Evaluating Features of Conversational Agents to Enhance Student Reflective Learning

Evaluating Features of Conversational  Agents to Enhance Student Reflective Learning


This study explores essential features for a conversational agent (CA) designed to aid high school students in reflective writing to enhance science learning. The research focuses on developing CA features that support students' learning journeys. Interviews with students identify necessary functionalities for effective CA design, which are then optimized through user stories and feedback. The CA includes an avatar and offers both audio and text capabilities. Two versions of the CA were tested: one with an avatar and audio, and one without. Pre- and post-surveys were conducted to compare results and provide recommendations for designing educational CAs for this age group.


The author's master's thesis has practical relevance for practitioners, particularly in the field of educational technology. The potential for conversational agents (CAs) to enhance student learning is considerable, offering benefits such as increased engagement and improved reflective writing skills. The author aims to help educators design effective CAs by identifying essential features and optimizing them through user feedback. Through this research, the author raises awareness of common challenges in CA design and provides recommendations for improving their effectiveness. Additionally, the study examines the influence of user interaction modes such as avatars and audio on the educational outcomes of high school students.


This thesis aimed to develop a design theory for conversational agents (CAs) in educational settings, focusing on reflective writing. Using methodologies by Gregor and Hevner (2007), design principles (DPs) for educational CAs were identified through literature and interviews with students and educators, leading to five design principles and five concrete design features (DFs). Validation involved a survey with 26 students and interviews, followed by an experiment with 41 students, evaluating the CA's effectiveness in high school science classes using the Design Science Research (DSR) methodology. The CA aimed to address real-world challenges, provide continuous feedback, and enhance reflective learning. Results indicated that both text and audio groups found the CA beneficial, with the text group reporting higher satisfaction and ease of use. Statistically significant results (p < 0.05) showed the CA effectively supports feedback and reflection, particularly through text, while the audio feature's efficacy was limited due to language proficiency and accent recognition issues. These findings suggest the need for enhancements in the audio component to accommodate diverse student backgrounds. The thesis contributes to research by addressing challenges in using CAs with audio versus text capabilities, highlighting the need for more training models to understand different English accents. It fills a research gap in design knowledge for educational CAs and provides a foundation for exploring methodologies using the DSR method, agility, and iterative cycles in designing pedagogical CAs.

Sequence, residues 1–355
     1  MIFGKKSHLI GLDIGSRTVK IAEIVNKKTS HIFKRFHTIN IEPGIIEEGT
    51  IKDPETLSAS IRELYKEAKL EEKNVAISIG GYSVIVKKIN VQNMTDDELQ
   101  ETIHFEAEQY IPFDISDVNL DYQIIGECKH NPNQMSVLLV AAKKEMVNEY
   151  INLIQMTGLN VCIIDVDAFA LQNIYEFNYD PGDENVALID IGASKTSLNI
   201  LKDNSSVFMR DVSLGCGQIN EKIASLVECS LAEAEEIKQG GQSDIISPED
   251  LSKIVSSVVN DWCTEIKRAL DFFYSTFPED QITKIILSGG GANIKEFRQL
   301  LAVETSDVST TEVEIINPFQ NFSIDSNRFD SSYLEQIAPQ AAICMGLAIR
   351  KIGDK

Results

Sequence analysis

Implications for Practitioners

To enhance student engagement and learning outcomes in high school science courses, it is crucial to integrate diverse forms of reflective writing into conversational agents (CAs). Allowing students to choose between audio inputs, such as speaking into a microphone, and traditional typing methods can cater to different learning preferences and enhance the overall effectiveness of the CA. Incorporating an avatar connected to these tools makes the CA more relatable and engaging, fostering a stronger connection between the student and the CA.

Including stakeholders like educators and students from the beginning can help tailor the CA to better meet user needs, thereby enhancing its effectiveness. Management should emphasize the importance of personalized and engaging educational technologies, incorporating these strategies into broader educational goals. Promoting transparency in design processes and encouraging feedback through short communication channels can foster continuous improvement. Different CA design approaches, such as offering multiple input methods and using avatars, have varying impacts on student engagement and learning. Emphasizing both diverse reflective writing options and visual engagement through avatars can lead to more personalized interactions and better educational experiences.


The author employed the Design Science Research (DSR) methodology to explore the essential features of a conversational agent (CA) aimed at enhancing reflective writing in high school science courses. This iterative approach involved multiple cycles of design, implementation, and evaluation to refine the CA's functionalities.

The study incorporated user stories and feedback to refine the CA's features. Two versions of the CA were developed: one with an avatar and audio capabilities, and one without these features. Participants were divided into two groups, each using a different version of the CA. Pre- and post-surveys were administered to compare user experiences and the effectiveness of the different CA versions.

The DSR methodology involved three iterative cycles:

  1. Design Cycle: Initial design based on literature review and stakeholder input.
  2. Implementation Cycle: Development of CA prototypes and deployment in real-world settings.
  3. Evaluation Cycle: Collection and analysis of qualitative and quantitative data to assess the CA's impact.
  4. This iterative process between the design, implementation, and evaluation cycles ensured continuous improvement of the CA features based on user feedback.